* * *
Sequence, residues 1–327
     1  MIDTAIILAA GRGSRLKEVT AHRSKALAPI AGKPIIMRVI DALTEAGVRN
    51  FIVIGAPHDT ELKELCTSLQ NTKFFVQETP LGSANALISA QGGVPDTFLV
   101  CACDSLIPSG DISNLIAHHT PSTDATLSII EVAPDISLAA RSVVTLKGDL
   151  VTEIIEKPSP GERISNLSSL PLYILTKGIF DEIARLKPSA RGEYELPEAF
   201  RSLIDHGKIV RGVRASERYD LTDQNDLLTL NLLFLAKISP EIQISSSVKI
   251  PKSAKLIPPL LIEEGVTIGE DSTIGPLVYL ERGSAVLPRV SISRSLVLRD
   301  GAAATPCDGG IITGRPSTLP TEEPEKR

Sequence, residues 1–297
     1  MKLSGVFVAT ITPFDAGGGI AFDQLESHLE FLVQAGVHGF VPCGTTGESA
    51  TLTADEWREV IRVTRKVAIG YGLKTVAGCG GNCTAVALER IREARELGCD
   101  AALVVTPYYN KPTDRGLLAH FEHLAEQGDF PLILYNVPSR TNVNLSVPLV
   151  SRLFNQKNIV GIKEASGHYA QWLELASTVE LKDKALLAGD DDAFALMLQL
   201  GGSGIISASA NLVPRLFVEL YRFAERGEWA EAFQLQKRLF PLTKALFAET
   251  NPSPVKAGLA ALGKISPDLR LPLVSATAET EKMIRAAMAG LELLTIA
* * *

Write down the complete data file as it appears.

Sequence, residues 1–327
     1  MIDTAIILAA GRGSRLKEVT AHRSKALAPI AGKPIIMRVI DALTEAGVRN
    51  FIVIGAPHDT ELKELCTSLQ NTKFFVQETP LGSANALISA QGGVPDTFLV
   101  CACDSLIPSG DISNLIAHHT PSTDATLSII EVAPDISLAA RSVVTLKGDL
   151  VTEIIEKPSP GERISNLSSL PLYILTKGIF DEIARLKPSA RGEYELPEAF
   201  RSLIDHGKIV RGVRASERYD LTDQNDLLTL NLLFLAKISP EIQISSSVKI
   251  PKSAKLIPPL LIEEGVTIGE DSTIGPLVYL ERGSAVLPRV SISRSLVLRD
   301  GAAATPCDGG IITGRPSTLP TEEPEKR

Sequence, residues 1–297
     1  MKLSGVFVAT ITPFDAGGGI AFDQLESHLE FLVQAGVHGF VPCGTTGESA
    51  TLTADEWREV IRVTRKVAIG YGLKTVAGCG GNCTAVALER IREARELGCD
   101  AALVVTPYYN KPTDRGLLAH FEHLAEQGDF PLILYNVPSR TNVNLSVPLV
   151  SRLFNQKNIV GIKEASGHYA QWLELASTVE LKDKALLAGD DDAFALMLQL
   201  GGSGIISASA NLVPRLFVEL YRFAERGEWA EAFQLQKRLF PLTKALFAET
   251  NPSPVKAGLA ALGKISPDLR LPLVSATAET EKMIRAAMAG LELLTIA